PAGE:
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Don't spend too much on the box and the wrapping paper. No matter how big the occasion, your loved ones just want what's inside.-- Bono, on what's he learned from being in U2, 2002


U2 comes full circle on New Jersey leg of ''360°'' tour

- July 21, 2011

by Jim Farber

"Spider-Man" wasn't the only project U2 needed to retool this year. They also had to perform surgery on their latest tour.

The new version of its "360°" show - which sprawled over the New Meadowlands Stadium Wednesday night - greatly improved the incarnation that lumbered into the defunct Giants Stadium two summers ago. Wednesday night's event doubled as a makeup for a local stop on the second stretch of shows U2 planned for last summer but had to cancel due to back surgery on Bono.

The long lag away seems to have given the band a perspective on "360" it put to good use. The 2009 run of the tour got off to a listless start with three songs in a row taken from U2's new CD of the time, "No Line on the Horizon," the first sustained studio stumble of its 30-year career.

Thankfully, this time U2 trimmed back the songs from that rambling work, playing up songs fans pine to hear. The group didn't feature a new song until half an hour in, and even then they picked the brightest one, "Get On Your Boots," which smartly refigures Dylan's "Subterranean Homesick Blues."

Opening with "Even Better Than the Real Thing," the foursome leaned into the song's chugging rhythm and ticklish guitar hook, which slyly references the classic one in the Chambers Brothers' "Time Has Come Today."

The band front-loaded the show with hits, from their fastest, the early "I Will Follow," to their most searching, "I Still Haven't Found What I'm Looking For," during which Bono quoted Bruce Springsteen's "Promised Land," and thanked him for the use of a Jersey stadium. Later, he threw in references to both Talking Heads' "Psycho Killer" and "Life During Wartime," the latter leading, appropriately, into "Sunday Bloody Sunday."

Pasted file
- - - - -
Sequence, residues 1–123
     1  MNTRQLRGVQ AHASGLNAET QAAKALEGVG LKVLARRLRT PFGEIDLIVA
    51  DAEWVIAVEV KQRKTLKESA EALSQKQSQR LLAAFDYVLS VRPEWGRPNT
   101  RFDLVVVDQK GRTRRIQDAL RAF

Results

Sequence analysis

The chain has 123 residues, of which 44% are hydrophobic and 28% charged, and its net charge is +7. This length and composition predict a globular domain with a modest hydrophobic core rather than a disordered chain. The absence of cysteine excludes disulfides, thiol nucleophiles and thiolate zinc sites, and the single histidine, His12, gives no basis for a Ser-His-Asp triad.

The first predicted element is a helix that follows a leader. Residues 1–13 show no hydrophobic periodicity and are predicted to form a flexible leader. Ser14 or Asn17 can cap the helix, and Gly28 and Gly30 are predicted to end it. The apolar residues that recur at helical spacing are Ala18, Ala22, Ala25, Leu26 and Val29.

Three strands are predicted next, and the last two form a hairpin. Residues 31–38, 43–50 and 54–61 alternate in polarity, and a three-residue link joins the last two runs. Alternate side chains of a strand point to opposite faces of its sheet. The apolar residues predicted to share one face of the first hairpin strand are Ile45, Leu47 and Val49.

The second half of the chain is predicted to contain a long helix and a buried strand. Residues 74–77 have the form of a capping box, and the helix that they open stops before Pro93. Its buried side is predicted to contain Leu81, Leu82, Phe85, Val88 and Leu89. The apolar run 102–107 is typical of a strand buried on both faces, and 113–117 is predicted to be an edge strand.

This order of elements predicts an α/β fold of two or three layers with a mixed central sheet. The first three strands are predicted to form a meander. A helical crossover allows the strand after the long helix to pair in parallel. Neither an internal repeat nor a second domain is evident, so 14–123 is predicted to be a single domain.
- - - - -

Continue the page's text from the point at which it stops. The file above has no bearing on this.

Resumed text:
As always, the angularity of U2's riffs played easily off the fluidity of the melodies. In "Mysterious Ways" the quaver of The Edge's guitar kept the rhythm funky, while Bono delivered the words with far more deliberation than usual.

During "Until the End of the World," Bono quoted Leonard Cohen to acknowledge the inspiration for its broad sense of romance. They dedicated "Beautiful Day" to Arizona Rep. Gabrielle Giffords and even featured video of her husband, astronaut Mark Kelly, speaking some of its key lyrics from his mission in outer space. They continued the skybound theme with an especially charged take on "Elevation."

The galactic gestures suited the behemoth scale of the event. Its very gigantitude, and insectlike design, drew its own risky Spider-Man connection. But, then, at their best U2 has always made the grandest moves work for them. And, now - at the tail end of what has become the top-grossing tour in history - they proved it really is better the second time around.

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